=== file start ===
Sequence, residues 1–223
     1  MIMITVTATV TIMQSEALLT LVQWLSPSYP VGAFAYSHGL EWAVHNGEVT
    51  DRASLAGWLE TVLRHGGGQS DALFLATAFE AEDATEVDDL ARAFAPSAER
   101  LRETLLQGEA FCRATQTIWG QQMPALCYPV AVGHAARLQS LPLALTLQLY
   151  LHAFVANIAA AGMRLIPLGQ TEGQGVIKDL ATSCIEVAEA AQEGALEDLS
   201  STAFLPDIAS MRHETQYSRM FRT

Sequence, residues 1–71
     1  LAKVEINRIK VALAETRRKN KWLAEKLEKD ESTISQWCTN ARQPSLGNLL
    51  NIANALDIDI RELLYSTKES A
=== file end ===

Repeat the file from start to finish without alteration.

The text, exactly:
Sequence, residues 1–223
     1  MIMITVTATV TIMQSEALLT LVQWLSPSYP VGAFAYSHGL EWAVHNGEVT
    51  DRASLAGWLE TVLRHGGGQS DALFLATAFE AEDATEVDDL ARAFAPSAER
   101  LRETLLQGEA FCRATQTIWG QQMPALCYPV AVGHAARLQS LPLALTLQLY
   151  LHAFVANIAA AGMRLIPLGQ TEGQGVIKDL ATSCIEVAEA AQEGALEDLS
   201  STAFLPDIAS MRHETQYSRM FRT

Sequence, residues 1–71
     1  LAKVEINRIK VALAETRRKN KWLAEKLEKD ESTISQWCTN ARQPSLGNLL
    51  NIANALDIDI RELLYSTKES A